Monday, April 8
National Empanada Day at Cuba Libre: At some point we’ll run out of people, places and things to give commemorative days to, but until then, how about we all enjoy dollar empanadas? The Cuban eatery in Chinatown will be offering three empanadas, including the Picadillo, which contains ground beef, potatoes, olives and raisins. Each empanada will run you a buck alongside the typical happy hour fare of cocktails, wine, sangria and beer ranging from $5-$6. 4 to 7 p.m. Food and drink prices vary.
Tuesday, April 9
Pinball for the People at Lyman’s Tavern: Ever wondered who the people are behind the insanely high scores on pinball machines? The 14th Street bar has become the city’s pinball capital for players of all stripes to come out and play. This monthly event is organized specifically for novices to get a steady stream of games and hone their skills — maybe you’ll even learn a few tips from the wizards in the field who will be playing for fun. Players will be grouped in threes or fours and play a rotating selection of games — the player with the lowest score gets to choose which machine they play next. 8:30 p.m. Free; bring quarters for individual games.
Delvon Lamarr Organ Trio at Blues Alley: Seattle’s Delvon Lamarr Organ Trio has a throwback sound that still feels current: Led by organ player Delvon Lamarr, the trio fuses jazz, funk and soul for a sound that’s hard not to dance to. The band is most indebted to Booker T. & the M.G.’s, which explains why last year’s “Close but No Cigar” has a song named “Little Booker T.” 8 & 10 p.m. $25.
Wednesday, April 10
‘Bird’ at the National Museum of American History: It’s Jazz Appreciation Month at the Smithsonian, and in addition to the usual series of concerts and family events, the American History Museum’s Warner Bros. Theater is screening a selection of jazz-themed films, including “Some Like it Hot” and “Mo’ Better Blues.” The series kicks off with “Bird,” the 1988 Charlie Parker biopic directed by Clint Eastwood. As Parker, Forest Whitaker “is hauntingly definitive, yet somehow shadowy and enigmatic, like a figure drawn in smoke,” Washington Post critic Hal Hinson wrote at the time. 5:45 p.m. $10.50-$12.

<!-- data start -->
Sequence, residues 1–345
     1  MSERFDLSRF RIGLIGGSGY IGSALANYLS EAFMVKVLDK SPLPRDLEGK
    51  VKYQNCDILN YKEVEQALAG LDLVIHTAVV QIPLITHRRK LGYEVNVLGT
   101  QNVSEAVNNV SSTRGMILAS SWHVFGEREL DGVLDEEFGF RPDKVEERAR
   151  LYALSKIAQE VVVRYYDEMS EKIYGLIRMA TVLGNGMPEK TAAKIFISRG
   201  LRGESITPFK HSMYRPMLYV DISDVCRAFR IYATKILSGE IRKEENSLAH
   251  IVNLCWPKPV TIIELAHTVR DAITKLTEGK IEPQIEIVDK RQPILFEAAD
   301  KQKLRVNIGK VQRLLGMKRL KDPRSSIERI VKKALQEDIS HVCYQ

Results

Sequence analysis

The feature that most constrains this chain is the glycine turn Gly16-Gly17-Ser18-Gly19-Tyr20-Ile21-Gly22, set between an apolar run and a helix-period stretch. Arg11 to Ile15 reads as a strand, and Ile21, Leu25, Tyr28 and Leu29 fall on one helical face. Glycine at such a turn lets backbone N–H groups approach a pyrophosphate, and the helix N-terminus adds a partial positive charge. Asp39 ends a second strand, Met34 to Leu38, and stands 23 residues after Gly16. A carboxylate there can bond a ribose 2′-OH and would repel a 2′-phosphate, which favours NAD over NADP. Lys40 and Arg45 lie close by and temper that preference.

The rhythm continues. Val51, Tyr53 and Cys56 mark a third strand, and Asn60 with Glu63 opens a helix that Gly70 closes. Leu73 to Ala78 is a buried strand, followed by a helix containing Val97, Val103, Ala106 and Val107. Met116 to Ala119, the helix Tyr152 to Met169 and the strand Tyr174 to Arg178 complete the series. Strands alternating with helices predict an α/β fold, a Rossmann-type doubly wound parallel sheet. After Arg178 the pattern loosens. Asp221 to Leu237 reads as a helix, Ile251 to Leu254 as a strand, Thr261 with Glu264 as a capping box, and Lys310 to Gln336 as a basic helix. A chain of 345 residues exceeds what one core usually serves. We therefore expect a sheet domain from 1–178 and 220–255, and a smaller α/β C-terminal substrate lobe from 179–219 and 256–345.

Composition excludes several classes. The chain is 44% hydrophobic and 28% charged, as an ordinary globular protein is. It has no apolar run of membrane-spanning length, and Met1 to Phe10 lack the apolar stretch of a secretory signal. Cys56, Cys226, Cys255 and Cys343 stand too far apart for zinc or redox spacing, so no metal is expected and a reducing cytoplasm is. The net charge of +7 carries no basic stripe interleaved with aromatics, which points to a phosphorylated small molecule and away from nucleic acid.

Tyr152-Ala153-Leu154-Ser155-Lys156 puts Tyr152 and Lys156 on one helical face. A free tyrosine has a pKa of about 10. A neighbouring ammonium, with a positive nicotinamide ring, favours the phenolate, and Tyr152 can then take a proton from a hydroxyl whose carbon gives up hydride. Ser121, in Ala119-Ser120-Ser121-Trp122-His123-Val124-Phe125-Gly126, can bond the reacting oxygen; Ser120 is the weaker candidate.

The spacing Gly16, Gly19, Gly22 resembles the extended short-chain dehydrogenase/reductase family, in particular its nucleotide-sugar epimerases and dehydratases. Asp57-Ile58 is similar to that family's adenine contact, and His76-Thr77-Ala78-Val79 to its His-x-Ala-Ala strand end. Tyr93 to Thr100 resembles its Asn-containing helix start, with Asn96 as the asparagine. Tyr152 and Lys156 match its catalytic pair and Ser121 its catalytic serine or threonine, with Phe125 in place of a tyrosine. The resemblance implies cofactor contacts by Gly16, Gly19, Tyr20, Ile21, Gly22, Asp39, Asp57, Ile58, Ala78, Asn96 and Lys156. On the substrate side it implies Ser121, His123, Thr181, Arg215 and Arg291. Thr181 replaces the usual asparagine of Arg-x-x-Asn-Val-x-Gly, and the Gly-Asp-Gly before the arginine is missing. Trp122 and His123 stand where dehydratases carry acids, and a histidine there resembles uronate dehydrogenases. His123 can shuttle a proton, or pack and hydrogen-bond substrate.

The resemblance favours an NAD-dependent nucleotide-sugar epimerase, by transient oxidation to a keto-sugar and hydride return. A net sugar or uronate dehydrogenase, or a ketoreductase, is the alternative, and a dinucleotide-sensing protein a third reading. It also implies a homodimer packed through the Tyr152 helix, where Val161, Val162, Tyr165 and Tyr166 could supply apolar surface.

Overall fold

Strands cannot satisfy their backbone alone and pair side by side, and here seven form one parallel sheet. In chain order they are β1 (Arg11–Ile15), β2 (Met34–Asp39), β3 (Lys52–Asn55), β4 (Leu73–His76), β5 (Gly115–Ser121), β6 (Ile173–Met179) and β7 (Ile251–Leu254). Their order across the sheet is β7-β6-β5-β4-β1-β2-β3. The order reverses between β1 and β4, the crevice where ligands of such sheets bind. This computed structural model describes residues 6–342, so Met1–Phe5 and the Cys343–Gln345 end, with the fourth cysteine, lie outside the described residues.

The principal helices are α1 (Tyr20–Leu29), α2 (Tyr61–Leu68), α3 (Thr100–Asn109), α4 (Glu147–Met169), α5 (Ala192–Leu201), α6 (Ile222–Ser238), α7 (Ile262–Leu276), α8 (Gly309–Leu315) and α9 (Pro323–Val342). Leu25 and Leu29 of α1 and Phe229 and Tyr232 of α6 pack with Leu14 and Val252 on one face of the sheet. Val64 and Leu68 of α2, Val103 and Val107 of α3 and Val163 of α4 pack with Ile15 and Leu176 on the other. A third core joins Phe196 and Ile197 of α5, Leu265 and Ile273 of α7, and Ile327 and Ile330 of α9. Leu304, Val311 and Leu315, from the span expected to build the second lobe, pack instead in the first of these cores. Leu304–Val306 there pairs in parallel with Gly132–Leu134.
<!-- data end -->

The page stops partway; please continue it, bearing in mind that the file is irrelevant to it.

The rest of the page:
Jeff Tweedy at Lincoln Theatre: At this point, Wilco frontman Jeff Tweedy, 51, can pretty much do whatever he wants. That’s why it wasn’t surprising to see him mark two firsts last year: his first solo album, “Warm,” and his first book, a memoir called “Let’s Go (So We Can Get Back).” Each features Tweedy’s trademark wit and wordplay, both of which will be on display during a solo acoustic show at the Lincoln Theatre. 7:30 p.m. Sold out.
Thursday, April 11
Damaged City at various locations: In a city where music festivals sprout up — and come and go as the years pass — it’s fitting that one of the best, longest-running ones is homegrown. Damaged City, in its seventh year, is a premier showcase of punk and hardcore. The festival started out as a two-day affair held in the sacred D.C. punk space St. Stephen, composed of local fixtures of the scene alongside a few notable bands from around the country. In recent years, lineups have sprawled out to four-day blowouts across multiple D.C. venues, with touring bands from around the world. For those in search of the best acts to see, look for regional clusters. The New York area will deliver the virtuosic rock stylings of Screaming Females and Hank Wood and the Hammerheads, who are known for their raucous live shows. California ships over Los Angeles heavies Despise You and the buzzy Bay Area quartet Torso. For those who haven’t been able to visit their local punk house to listen to Washington’s best and brightest, turn your ears to Asesinato and Corvo. Through Sunday. $10-$65.
‘Les Deux Noirs’ and ‘Native Son’ at Atlas Performing Arts Center: If you think of hip-hop theater, what comes to mind is likely “Hamilton.” But not for Psalmayene 24, who has been writing and performing hip-hop stage works for two decades, and whose new “Les Deux Noirs” at Mosaic Theater Company partly casts mid-20th-century titans Richard Wright and James Baldwin as Jay-Z and Kanye West. Psalmayene 24 directed Nambi E. Kelley’s adaptation of “Native Son” as he wrote “Les Deux Noirs: Notes on Notes of A Native Son,” inspired by Baldwin’s critique of Wright’s popular 1940 novel; the two plays are now rotating on Mosaic’s stage. 11 a.m. and 8 p.m. $20-$50.